• Develop a quality awareness program to motivate  anyone directly or indirectly responsible for quality.

    • Motivate your personnel by ensuring that they:

      • Understand how to do their jobs.

      • Understand how they can influence quality.

      • Understand how they fit into the big picture.

    • Encourage all managerial, clerical, operational, production, inspection, design, purchasing, marketing, shipping, and servicing personnel to make a genuine commitment to quality.                                       

 

Evaluate
quality
performance

  • Evaluate the skills and performance of anyone  directly or indirectly responsible for quality.

    • Measure their quality performance.

    • Recognize their quality achievements.

 

Control
product
safety 

  • Control the safety of your products.

    • Identify and apply relevant product safety standards.

    • Test the safety of product designs and prototypes.

    • Write product manuals and instructions that warn  users about potential safety hazards.

    • Establish product-tracking systems that allow  you to trace and recall hazardous products.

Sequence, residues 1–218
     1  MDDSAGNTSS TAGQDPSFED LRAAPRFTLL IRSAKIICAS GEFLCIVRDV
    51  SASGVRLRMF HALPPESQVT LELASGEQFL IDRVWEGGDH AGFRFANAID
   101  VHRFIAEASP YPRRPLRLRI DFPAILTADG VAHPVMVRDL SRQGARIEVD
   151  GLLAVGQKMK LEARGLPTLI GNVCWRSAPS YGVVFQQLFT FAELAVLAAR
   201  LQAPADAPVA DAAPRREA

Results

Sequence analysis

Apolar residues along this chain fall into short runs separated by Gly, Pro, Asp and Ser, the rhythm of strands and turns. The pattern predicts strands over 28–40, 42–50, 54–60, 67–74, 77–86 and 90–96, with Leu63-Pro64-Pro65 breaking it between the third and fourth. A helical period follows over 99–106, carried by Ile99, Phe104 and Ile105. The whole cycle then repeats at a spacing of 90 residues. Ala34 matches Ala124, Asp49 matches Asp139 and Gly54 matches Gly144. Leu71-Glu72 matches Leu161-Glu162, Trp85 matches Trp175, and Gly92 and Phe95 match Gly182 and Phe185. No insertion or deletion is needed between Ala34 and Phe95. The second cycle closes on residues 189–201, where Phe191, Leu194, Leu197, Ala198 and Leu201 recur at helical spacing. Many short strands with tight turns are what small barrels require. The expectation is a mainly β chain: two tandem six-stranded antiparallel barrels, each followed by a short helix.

• Develop an emergency recall plan in case it becomes  necessary to pull a hazardous product off the market.

 

Control
statistical
methods

  • Develop and document procedures to control the  selection of statistical methods and techniques.

  • Develop and document procedures to control the  application of statistical methods and techniques.

  • Use statistical methods and techniques to:

    • Study product performance.

    • Study process performance.

    • Analyze nonconformities.

    • Review product designs.

    • Explore market trends.

    • Evaluate safety.

    • Analyze risk.

  • Consider using:

    • Factorial analysis.

    • Regression analysis.

    • Variance analysis.

    • Control charts.

    • Correlation analysis.

    • Sampling techniques.

 

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 Updated on November 29, 2014. First published on June 6, 1997.